As ever, this season London Fashion Week Men’s showcased a breadth of exciting new and emerging talent, alongside established favourites, with a busy schedule of shows and events concluding today, 11 June. With the work of London’s triumphant young designers taking centre stage, Something Curated highlights the best from Spring/Summer 2020 menswear.
Craig Green has carved a distinct position in the industry, consistently earning both critical and commercial success with this signature workwear inspired pieces. With references spanning everything from late-night YouTube video spirals to Mexican Easter flags, Green’s SS20 collection was dense and beautiful. As well as revealing a new collaboration with Adidas, this season’s offering included a series of leather trousers, decoratively cut-out, papery-looking sets, and embroidered, plush silk pieces.
London-based Stefan Cooke is directed by Cooke and his partner Jake Burt. For SS20, the pair showed their first season with NEWGEN sponsorship. This season’s offering, entitled Drama Major, took its inspiration from NYU students and New York’s off-Broadway scene. Signature deconstructed knitwear was joined by corsetry detailed shirting, and hand-tied tulle featured on fascinating tops and trousers. Clearly, technique is at the heart of the process for their work and continues to be a force of innovation.
ART SCHOOL focuses on redefining the limitations of ready-to-wear fashion, rejecting divisions of menswear and womenswear to create a modern representation of unisex clothes. Directed by the creative partnership of Eden Loweth and Tom Barratt, this season the label presented an entirely monochromatic collection, placing a decided focus on the textures of their diverse and ornately embellished textiles. Dresses came covered in sequins and peppered with sprigs of ostrich feathers, while a shirt was adorned with glistening jewels.
Xander Zhou was the first menswear designer from China to be part of London Fashion Week Men’s. In his work, Zhou explores the boundaries between form and function, as well as the unique qualities of his materials. This season the designer looked to spirituality, drawing inspiration from a monistic aesthetic with traditional Japanese sandals, wrap dresses and sarongs taking centre stage. Zhou reconstructs classical forms by providing them with new contexts, at times blurring gender stereotypes in the process.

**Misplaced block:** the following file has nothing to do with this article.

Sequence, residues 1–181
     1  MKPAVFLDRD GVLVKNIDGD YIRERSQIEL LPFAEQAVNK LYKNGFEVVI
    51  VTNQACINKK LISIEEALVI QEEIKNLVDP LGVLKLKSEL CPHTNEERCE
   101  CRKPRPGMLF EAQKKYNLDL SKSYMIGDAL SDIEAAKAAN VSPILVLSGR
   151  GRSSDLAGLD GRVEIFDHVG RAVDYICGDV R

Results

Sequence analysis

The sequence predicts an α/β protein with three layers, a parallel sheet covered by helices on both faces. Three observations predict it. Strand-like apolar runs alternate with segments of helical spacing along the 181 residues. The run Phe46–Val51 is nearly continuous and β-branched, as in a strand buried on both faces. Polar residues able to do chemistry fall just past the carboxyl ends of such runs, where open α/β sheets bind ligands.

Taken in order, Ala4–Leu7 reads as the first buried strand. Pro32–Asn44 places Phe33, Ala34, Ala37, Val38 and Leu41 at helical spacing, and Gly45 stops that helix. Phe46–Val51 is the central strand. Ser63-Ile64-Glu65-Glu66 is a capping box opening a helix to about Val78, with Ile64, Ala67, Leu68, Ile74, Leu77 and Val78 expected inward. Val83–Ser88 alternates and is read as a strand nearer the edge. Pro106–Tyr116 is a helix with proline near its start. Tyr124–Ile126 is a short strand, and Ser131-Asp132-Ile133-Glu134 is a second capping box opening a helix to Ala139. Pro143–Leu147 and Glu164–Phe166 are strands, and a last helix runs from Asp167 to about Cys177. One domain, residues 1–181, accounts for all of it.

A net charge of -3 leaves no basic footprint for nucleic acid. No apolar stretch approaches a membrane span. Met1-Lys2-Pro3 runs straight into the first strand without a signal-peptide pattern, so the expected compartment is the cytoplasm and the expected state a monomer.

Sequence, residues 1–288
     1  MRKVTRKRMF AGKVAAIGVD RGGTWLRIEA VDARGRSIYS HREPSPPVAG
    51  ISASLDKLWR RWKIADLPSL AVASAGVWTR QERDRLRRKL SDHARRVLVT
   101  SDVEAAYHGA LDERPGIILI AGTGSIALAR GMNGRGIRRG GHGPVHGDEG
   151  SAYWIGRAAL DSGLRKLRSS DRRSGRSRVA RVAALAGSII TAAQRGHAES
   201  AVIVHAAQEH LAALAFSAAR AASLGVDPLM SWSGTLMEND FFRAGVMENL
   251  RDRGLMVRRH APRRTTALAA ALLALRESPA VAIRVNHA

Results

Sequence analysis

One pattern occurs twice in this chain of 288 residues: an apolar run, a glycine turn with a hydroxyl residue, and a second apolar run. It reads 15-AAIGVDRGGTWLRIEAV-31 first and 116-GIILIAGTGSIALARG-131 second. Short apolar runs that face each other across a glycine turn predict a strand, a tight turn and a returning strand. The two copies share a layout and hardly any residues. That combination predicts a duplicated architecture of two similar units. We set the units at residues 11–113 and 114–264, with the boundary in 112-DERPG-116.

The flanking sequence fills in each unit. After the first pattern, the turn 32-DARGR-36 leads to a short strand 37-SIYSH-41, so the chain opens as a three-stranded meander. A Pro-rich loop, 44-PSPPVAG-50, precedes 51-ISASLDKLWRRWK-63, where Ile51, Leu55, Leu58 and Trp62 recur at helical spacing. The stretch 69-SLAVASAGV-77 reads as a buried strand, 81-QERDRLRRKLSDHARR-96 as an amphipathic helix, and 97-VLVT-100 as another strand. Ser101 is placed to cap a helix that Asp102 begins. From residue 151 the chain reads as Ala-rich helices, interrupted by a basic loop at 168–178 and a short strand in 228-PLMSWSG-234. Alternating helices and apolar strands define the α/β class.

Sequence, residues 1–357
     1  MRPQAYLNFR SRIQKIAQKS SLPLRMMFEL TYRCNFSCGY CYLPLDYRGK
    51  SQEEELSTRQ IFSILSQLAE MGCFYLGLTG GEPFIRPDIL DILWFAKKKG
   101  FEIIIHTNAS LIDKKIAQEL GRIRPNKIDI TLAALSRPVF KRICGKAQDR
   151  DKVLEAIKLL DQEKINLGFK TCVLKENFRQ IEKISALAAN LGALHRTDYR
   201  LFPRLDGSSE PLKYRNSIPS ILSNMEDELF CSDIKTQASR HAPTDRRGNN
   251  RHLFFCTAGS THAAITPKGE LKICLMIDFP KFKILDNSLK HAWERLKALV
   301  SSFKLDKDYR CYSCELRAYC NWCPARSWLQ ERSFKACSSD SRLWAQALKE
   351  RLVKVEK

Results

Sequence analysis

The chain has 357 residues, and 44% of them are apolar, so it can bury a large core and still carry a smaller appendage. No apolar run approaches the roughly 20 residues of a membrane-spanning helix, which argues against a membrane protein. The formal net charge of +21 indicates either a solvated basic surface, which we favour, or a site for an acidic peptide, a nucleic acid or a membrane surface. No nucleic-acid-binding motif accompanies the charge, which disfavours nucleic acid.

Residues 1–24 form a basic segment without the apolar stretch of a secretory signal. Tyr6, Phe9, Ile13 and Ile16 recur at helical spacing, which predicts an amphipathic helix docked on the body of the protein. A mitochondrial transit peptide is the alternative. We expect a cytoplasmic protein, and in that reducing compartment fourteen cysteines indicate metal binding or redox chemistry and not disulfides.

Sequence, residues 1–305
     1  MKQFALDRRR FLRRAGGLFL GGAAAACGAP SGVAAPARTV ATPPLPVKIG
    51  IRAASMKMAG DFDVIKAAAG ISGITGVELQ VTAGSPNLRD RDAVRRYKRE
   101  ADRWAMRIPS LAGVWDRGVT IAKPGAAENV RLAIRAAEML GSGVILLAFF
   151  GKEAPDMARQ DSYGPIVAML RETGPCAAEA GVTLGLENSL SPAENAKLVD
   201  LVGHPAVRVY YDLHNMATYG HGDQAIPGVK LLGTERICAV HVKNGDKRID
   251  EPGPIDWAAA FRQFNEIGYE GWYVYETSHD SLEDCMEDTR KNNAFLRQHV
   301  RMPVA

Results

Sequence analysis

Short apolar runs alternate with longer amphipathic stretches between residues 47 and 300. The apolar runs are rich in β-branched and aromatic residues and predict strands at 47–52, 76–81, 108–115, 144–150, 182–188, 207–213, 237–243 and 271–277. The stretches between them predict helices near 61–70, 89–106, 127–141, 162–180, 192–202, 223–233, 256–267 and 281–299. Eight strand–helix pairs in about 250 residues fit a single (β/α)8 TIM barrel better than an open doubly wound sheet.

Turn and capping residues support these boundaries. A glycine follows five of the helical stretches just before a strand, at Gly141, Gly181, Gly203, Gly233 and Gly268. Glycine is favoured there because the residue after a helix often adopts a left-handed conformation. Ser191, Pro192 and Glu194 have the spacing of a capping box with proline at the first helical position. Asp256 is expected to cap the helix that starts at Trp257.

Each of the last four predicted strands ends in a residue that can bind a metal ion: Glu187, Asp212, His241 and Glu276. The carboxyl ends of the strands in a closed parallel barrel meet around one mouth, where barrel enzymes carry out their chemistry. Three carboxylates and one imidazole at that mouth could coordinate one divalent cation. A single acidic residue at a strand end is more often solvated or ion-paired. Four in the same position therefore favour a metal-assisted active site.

Mowalola, by Nigerian-born London-based Mowalola Ogunlesi, showcases menswear as you rarely see it: sexy and unhindered by stereotypes. Taking inspiration from celebrity couples of the 90s, from Marilyn Manson and Dita Von Teese, to Carmen Electra and Dennis Rodman, the designer’s latest collection included lurid neon cowhide sets, channelling 70s Americana with a psychedelic edge, alongside a memorable fuchsia dress, exposing a model’s breasts. SS20 was her second show and season with the support of Fashion East.
Kent-born Liam Hodges’ signature aesthetic demonstrates playful shapes and workwear detailing, communicated through a strong graphic language presented on oversized garments, including signature boiler suits, t-shirts and knitwear. Exploring contemporary tensions through the lense of sci-fi, for SS20, Hodges presented military-inspired trousers, signature graphic jumpers, subverted rugby gear, and denim, topped with punk hairstyles and make-up created using sticky-tape.
Scottish-born designer, illustrator and creative Charles Jeffrey’s LOVERBOY encompasses a fashion label and a cult club night, each informing the other. Presented at the British Library, models donned ensembles paying homage to various classical literary works. Patent leather raincoats with colourful collars, knitted tops adorned with painterly landscapes, and dramatically distressed trousers formed some of the most memorable looks this season.
Over the past decade, Martine Rose has proven herself as an anti-establishmentarian figure on the London menswear scene. Shunning for a long time the schedule, the designer showed her work sporadically through unusual formats. Now on the schedule, this season she offers her perspective on “Promising Britain,” continuing to hone her tongue-in-cheek take on fashion. Executive style suiting was paired with club kid makeup, while printed t-shirts featured cartoon clowns and the “Promising Britain” slogan, surrounded by the EU flag’s familiar yellow stars.
British designer Samuel Ross launched his label A-COLD-WALL* in late 2015, swiftly gaining the attention of press and buyers alike. Hosted at Printworks London, the A-COLD-WALL*’s SS20 show was open to the public following online registration, proposing a more democratising outlook on the typical Fashion Week show format. The focus of the clothes was on technique, texture and surface, but as always Ross kept utilitarian practicality and wearability, that is synonymous with A-COLD-WALL*, at the forefront.
Feature image: Stefan Cooke SS20 via NOWFASHION